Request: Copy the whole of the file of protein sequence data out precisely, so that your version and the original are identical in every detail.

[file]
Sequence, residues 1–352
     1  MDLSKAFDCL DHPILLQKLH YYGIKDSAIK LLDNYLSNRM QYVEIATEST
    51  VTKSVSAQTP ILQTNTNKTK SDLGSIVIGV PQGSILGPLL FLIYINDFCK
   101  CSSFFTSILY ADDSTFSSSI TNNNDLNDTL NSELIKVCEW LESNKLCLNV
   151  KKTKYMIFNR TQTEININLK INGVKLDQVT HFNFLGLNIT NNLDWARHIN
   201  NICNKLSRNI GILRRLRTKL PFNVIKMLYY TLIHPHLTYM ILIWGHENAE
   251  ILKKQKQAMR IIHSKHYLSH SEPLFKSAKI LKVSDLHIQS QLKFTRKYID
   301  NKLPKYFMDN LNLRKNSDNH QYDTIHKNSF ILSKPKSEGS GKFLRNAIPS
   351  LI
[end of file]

Sequence, residues 1–352
     1  MDLSKAFDCL DHPILLQKLH YYGIKDSAIK LLDNYLSNRM QYVEIATEST
    51  VTKSVSAQTP ILQTNTNKTK SDLGSIVIGV PQGSILGPLL FLIYINDFCK
   101  CSSFFTSILY ADDSTFSSSI TNNNDLNDTL NSELIKVCEW LESNKLCLNV
   151  KKTKYMIFNR TQTEININLK INGVKLDQVT HFNFLGLNIT NNLDWARHIN
   201  NICNKLSRNI GILRRLRTKL PFNVIKMLYY TLIHPHLTYM ILIWGHENAE
   251  ILKKQKQAMR IIHSKHYLSH SEPLFKSAKI LKVSDLHIQS QLKFTRKYID
   301  NKLPKYFMDN LNLRKNSDNH QYDTIHKNSF ILSKPKSEGS GKFLRNAIPS
   351  LI